During the four weeks of Advent leading up to the Solemnity of the Nativity of Our Lord, students of the Scots College will be preparing reflections as we prepare for the birth of Jesus at Christmas. The first one comes from Andrew McGowan, from the Archdiocese of Glasgow.
Advent is the time of year when we prepare ourselves for Christmas, the word itself means “The arrival of a notable person or thing.” We are preparing for the celebration of the arrival of Jesus as a baby, a human being, who took on our human nature in all but sin. Sharing in our humanity from the moment of his conception, he lived on this earth and died here, sharing that experience. In his acceptance, he destroyed the power of death forever, rising from the dead, enabling him to share with us, His Resurrection. So yeah, he’s a notable person!
In this day and age, when a notable pop star or comedian announces concerts or gigs there is always a rush to get hands on the show tickets. The arrival of the Messiah has been announced and waited for, for a long time, so now it is within touching distance we may be tempted to rush the big day’s arrival. Instead, this week, the readings have been counselling on just the opposite.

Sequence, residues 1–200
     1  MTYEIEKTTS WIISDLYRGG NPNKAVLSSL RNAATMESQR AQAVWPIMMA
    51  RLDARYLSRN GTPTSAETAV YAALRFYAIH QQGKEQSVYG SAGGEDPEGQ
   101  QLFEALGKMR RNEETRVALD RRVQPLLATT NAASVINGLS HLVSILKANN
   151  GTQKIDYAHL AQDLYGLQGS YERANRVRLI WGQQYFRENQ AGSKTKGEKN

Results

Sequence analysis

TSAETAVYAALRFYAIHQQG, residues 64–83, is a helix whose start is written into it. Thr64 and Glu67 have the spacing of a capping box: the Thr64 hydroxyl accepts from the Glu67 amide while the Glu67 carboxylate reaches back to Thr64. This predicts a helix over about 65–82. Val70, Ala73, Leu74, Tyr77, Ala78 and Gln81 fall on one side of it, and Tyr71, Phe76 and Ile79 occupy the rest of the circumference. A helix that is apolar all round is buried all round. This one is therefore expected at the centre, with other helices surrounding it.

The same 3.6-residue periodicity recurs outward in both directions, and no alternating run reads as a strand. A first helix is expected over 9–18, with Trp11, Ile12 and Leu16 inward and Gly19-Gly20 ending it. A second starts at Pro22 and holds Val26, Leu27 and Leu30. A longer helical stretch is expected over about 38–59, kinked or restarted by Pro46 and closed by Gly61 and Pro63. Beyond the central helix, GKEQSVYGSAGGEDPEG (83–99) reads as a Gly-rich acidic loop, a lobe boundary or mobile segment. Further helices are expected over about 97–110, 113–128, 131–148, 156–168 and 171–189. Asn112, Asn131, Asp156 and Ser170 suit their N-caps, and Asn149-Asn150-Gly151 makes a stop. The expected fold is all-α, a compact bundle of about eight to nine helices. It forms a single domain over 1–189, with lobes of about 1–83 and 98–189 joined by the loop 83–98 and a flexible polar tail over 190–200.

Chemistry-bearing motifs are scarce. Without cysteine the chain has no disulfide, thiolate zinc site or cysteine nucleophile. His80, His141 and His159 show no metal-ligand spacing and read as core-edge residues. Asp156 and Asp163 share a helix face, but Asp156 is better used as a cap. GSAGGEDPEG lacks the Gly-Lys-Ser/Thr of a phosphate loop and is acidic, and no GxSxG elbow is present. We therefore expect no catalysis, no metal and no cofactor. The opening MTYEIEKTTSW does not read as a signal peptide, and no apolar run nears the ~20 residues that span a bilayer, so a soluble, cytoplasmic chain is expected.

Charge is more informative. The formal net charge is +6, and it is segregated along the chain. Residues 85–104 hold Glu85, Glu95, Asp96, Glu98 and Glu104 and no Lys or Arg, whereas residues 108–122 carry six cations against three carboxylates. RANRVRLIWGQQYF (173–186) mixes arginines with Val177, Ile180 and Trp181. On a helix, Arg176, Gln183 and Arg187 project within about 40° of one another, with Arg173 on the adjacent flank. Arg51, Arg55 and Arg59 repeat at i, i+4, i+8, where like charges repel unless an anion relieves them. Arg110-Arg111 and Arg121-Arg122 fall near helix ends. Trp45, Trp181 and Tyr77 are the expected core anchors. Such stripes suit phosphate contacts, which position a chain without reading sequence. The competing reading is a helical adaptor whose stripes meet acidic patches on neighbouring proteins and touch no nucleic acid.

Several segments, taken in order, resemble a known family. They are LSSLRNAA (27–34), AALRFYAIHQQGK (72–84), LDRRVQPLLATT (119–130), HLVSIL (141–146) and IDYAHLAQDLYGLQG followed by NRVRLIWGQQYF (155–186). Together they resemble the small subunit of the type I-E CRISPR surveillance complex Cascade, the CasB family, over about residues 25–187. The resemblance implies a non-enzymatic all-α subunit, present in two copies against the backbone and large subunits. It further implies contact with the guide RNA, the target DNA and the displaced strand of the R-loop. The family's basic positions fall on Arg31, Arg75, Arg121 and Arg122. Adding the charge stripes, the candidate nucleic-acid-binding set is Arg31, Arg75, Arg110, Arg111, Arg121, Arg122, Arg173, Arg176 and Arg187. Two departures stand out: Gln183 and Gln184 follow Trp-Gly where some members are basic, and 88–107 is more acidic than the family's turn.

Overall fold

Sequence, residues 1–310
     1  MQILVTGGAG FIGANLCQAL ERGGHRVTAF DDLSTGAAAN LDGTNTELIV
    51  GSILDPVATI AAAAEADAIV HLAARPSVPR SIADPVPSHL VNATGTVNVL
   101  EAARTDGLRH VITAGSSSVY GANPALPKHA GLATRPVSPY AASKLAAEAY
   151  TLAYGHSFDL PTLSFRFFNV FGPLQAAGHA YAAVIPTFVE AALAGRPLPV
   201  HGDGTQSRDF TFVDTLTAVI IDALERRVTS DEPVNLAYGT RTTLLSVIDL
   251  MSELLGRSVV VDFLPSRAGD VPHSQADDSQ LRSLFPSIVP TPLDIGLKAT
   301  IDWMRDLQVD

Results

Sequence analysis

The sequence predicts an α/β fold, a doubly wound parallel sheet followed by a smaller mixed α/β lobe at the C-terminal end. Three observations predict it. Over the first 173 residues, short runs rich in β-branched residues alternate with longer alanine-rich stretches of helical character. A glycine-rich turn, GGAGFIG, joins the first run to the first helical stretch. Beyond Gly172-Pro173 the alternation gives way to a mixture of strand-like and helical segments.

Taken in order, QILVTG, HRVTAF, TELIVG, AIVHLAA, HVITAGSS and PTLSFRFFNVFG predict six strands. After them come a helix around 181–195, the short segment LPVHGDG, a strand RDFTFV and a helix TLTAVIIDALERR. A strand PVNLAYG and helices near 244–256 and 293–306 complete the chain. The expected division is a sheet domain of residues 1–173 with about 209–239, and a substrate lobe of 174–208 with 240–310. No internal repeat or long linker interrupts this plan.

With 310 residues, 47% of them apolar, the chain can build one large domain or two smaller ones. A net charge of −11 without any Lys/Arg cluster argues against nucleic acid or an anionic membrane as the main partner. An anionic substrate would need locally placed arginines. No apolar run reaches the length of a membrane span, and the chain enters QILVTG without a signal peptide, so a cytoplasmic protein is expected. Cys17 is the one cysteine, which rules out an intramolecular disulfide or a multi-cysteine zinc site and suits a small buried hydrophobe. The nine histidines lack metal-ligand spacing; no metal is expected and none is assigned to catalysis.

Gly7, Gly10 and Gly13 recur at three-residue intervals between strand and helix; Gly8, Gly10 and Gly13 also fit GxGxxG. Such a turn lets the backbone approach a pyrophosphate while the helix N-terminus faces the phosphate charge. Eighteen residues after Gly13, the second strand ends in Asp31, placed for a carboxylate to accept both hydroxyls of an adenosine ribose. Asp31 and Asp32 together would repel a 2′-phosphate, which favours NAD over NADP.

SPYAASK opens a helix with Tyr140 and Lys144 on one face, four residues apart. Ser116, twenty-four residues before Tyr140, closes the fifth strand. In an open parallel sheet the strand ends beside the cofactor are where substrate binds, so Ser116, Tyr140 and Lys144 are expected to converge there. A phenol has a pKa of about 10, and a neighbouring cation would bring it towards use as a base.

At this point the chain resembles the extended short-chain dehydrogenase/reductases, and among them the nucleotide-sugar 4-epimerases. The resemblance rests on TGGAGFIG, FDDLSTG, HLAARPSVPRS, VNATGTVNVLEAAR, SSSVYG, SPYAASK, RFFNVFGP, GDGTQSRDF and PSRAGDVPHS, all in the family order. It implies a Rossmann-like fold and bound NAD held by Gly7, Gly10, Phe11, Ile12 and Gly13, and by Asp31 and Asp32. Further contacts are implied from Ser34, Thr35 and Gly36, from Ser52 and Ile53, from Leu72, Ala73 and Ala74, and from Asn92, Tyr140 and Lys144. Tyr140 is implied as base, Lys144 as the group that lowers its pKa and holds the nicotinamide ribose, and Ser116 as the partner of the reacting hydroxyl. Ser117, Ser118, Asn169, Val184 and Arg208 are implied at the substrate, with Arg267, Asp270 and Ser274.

Note in that definition of Advent the word, ‘prepare’. We have to take this time to do that, to prepare for the arrival of the Messiah. That time requires us to turn our outlook from one absorbed in ourselves to focus on what is ahead of us, on who is ahead of us, Jesus, and all that he stands for. If you are wondering what that is, then look at the readings from the First Monday of Advent, when Isaiah provides a future where peace reigns, no wars are fought or terrorism inflicted on innocent civilians, where bitterness is a thing of the past. Where, as the Gospel says, all is possible, because God became a man to redeem us and that same God is with us.